As soon as Pokemon Go was launched, Pokemon fever struck us once again.
For those who are not familiar with the concept of Pokemon, Pokemon is an eminent Japanese franchise that first entered the global market as a video game for the Game Boy. Players are designated as Pokémon Trainers that have two goals:
- Complete the Pokédex by collecting all of the available Pokémon species.
- Train a team of powerful Pokémons from those they have caught to compete against those of other Trainers and eventually win the Pokémon League.
Those who have encountered the Pokemon franchise will likely have, at least once, imagined themselves being Pokemon trainers. Pokemon Go has now made this dream come true. Virtually.
Pokemon Go is an AR (Augment Reality) game that connects our real world and virtual world of Pokemons through iPhones and Android devices. As you move around, your smartphone will vibrate to notify you when there’s a Pokémon nearby. Once you’ve encountered it, you need to take aim on your smartphone’s touch screen and throw a Poké Ball to catch it. Be careful when you try to catch it though; otherwise it’ll escape.
By providing an opportunity to pursue our long-given up, surrealistic dream of catching Pokemons, Pokemon Go has used the Pokemon franchise as its ‘Pokeball’ to capture a tantamount proportion of the global market. It became the most downloaded app in its first week and also the fastest to reach 50million installations on Google play. It is also the fastest mobile game to surpass the $500 million in terms of pure revenue.
To Japan—the birthplace of the Pokemon franchise— Pokemon Go is more than than just a game; for better or for worse.
One of Japan’s social issues is the high number of NEETs—those who are ‘Not in Education, Employment or Training’. In society, they are usually seen as hermits who never leave their rooms and devote their time to their hobbies. Such lifestyle tends to result in in a myriad of social disadvantages, such as insecure and poor future employment, criminal behavior, and mental and physical health problems. Thus, to resolve this issue, Japanese government had encouraged them to meet psychiatrists, and such approach—not surprisingly— turned out to be ineffective.
Yet, Pokemon Go was able to achieve this. Taro Aso— the Finance minister of Japan— claimed, “Shut-ins and otaku are all out there now playing Pokemon, which is doing what psychiatrists couldn’t — just look at what’s happening overseas.”
Without intending to, Japan was able to indirectly develop an effective way to recover NEETs. Although their employment is still an issue, this can still be seen as a great step forward.
However, many in Japan are concerned that the players might go too far in order to capture Pokemons and Yoshihide Suga, the Chief Cabinet Secretary, is one of them. When told that Pokemon characters can be caught around the Prime Minister’s Office, Suga said, “I would like to caution people not to wander into dangerous areas and places that are off-limits.” While some might perceive him as a worrywart, Suga’s concern is not baseless. After all, pokemons have been sighted inside the grounds of Fukushima Daichi power plant.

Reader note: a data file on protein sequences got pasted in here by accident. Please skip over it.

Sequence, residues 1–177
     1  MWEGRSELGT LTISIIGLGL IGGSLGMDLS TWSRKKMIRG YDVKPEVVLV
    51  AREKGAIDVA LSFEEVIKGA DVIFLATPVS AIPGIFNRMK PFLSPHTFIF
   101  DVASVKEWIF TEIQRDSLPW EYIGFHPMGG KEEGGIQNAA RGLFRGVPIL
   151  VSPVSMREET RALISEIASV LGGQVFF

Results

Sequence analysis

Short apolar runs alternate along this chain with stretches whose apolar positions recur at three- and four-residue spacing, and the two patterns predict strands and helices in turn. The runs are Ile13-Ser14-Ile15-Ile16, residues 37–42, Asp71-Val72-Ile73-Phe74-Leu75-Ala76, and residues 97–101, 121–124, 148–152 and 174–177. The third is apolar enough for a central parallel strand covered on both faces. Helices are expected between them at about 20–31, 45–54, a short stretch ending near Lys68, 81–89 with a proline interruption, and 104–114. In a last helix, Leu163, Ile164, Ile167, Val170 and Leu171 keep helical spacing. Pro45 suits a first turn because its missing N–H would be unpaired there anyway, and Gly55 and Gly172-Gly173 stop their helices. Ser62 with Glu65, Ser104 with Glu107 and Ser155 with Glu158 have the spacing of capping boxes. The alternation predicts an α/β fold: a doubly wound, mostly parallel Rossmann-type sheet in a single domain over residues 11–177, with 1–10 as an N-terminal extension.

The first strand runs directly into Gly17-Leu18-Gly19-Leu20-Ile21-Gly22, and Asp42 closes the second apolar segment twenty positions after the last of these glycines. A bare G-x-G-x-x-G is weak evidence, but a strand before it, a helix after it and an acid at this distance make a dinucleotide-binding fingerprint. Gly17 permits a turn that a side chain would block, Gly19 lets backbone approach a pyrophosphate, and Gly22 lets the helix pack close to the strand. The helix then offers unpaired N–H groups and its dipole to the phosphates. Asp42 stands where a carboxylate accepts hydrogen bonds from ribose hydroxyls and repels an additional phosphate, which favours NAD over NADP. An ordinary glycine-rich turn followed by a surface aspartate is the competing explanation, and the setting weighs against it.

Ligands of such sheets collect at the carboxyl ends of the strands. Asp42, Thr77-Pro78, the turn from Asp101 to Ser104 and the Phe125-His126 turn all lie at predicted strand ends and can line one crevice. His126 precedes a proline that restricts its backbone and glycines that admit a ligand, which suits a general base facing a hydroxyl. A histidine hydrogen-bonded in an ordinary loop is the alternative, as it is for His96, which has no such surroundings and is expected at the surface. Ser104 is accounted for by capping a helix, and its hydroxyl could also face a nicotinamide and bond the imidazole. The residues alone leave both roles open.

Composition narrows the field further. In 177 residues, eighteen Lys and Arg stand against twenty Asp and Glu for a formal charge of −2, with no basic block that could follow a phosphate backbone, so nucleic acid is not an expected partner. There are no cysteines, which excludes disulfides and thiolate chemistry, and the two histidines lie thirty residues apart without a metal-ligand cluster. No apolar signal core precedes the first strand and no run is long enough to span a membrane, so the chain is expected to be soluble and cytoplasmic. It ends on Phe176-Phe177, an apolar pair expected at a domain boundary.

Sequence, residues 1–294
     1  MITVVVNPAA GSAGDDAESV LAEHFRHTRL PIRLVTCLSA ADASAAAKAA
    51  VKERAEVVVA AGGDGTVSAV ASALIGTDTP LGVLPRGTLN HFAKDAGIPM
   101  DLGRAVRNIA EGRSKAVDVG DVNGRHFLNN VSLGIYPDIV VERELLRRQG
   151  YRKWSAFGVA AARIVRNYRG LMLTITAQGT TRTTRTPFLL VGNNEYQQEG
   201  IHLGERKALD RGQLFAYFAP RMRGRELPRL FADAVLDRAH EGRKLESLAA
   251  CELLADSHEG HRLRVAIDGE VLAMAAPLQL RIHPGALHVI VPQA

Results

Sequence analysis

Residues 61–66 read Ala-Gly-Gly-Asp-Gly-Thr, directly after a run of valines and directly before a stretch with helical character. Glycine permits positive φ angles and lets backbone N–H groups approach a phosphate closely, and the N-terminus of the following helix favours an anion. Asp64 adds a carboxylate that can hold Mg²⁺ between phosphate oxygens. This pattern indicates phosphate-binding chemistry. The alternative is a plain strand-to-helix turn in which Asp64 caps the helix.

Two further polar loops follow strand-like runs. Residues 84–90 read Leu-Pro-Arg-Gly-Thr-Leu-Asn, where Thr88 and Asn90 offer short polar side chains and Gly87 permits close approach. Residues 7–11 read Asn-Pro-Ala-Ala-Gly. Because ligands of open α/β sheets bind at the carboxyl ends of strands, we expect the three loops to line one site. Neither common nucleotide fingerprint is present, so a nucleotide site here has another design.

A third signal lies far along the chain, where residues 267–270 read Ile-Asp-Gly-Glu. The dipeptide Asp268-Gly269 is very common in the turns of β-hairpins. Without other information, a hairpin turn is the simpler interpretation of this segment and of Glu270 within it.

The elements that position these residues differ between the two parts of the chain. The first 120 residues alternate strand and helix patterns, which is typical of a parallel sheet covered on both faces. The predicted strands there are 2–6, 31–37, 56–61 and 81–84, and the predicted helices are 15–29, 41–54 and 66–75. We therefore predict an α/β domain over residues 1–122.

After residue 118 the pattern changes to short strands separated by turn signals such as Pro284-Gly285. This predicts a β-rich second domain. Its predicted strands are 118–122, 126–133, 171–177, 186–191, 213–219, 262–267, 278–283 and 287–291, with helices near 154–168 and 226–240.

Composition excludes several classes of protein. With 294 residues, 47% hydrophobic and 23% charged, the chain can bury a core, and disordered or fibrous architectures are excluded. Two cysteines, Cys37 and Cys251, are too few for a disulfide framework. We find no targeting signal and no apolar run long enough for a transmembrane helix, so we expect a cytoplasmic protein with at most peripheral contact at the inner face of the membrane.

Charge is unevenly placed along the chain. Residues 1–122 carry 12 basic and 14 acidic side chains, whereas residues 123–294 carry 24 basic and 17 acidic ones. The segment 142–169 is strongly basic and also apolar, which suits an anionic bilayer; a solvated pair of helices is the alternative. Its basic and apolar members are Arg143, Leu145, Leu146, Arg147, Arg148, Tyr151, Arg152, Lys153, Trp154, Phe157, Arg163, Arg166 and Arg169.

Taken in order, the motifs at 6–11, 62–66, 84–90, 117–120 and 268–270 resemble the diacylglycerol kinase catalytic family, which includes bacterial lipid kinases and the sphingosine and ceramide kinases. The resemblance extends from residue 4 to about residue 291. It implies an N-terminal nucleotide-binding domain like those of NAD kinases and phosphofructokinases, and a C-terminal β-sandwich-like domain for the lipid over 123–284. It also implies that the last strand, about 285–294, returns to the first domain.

In 2011, the nuclear power plant in Fukushima was destroyed by the tsunami following the March 11 earthquake, releasing radioactive materials into atmosphere. In spite of the measures taken since then, there’s still more than 200 million gallons of radioactive water in Fukushima, which is more than enough to fill two Yankee Stadiums to the brim. Fearing the potential of Pokemon Go players inadvertently straying inside the contaminated sites while playing the game, Japanese government has enforced security to prevent them from entering dangerous areas and the facilities, including the nuclear power plants. In addition, Japan has requested Niantic—the founding company of Pokemon Go—to case pokemons from appearing at such dangerous areas.
However, effective action is yet to be taken.
Currently, Pokemon Go is only about 10% complete, and it also plagued with server issues, irritating bugs and a thoroughly broken combat system. Nevertheless, solving the problem of pokemons appearing in Fukushima is relatively easier than it is thought to be to Niantics with its connections and resources. However, doing so will force Niantic to adjudicate its app into a selectively-functional app. Not only would doing this be a terrific headache, but it will also put the company in a precarious position during its prime time. Consequently, Niantic gave no comment. Most likely, Niantic will wait as long as possible before publically involving itself. Because once it does, there will be no turning back.
Although the situation was initially fine inside the ‘pokeball’ that Pokemon Go used to capture the market, things are gradually becoming hectic. Sooner or later, Niantic will fall, unless it can quickly learn how to properly control its own product, like how the pokemon trainers should with their pokemons before challenging the league.